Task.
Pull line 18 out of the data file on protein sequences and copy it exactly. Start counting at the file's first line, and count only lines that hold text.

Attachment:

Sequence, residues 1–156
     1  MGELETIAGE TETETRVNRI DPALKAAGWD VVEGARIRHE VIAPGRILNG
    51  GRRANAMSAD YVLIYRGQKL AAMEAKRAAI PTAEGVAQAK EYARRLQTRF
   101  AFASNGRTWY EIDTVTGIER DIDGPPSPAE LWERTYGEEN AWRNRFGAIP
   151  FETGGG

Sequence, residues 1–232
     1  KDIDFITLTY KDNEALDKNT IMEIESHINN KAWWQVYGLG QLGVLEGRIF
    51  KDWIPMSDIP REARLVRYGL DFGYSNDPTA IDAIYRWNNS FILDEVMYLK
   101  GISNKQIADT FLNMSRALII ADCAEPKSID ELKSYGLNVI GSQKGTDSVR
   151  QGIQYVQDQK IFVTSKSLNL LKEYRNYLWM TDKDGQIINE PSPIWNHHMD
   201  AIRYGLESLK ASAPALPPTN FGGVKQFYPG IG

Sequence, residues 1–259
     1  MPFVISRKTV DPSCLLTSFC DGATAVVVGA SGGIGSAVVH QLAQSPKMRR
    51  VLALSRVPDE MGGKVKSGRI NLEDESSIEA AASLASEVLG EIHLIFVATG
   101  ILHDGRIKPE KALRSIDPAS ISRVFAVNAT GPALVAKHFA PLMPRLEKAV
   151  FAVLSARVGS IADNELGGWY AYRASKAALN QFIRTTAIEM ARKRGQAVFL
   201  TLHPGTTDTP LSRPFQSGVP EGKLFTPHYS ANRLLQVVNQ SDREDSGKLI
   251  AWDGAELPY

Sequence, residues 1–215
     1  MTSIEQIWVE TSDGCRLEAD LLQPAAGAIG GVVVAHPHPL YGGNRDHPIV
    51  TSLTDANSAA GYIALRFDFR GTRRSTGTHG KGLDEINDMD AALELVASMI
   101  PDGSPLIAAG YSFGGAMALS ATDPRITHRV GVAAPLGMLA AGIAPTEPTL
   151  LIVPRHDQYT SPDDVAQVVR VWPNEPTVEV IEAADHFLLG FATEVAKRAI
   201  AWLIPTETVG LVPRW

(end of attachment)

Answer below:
   251  AWDGAELPY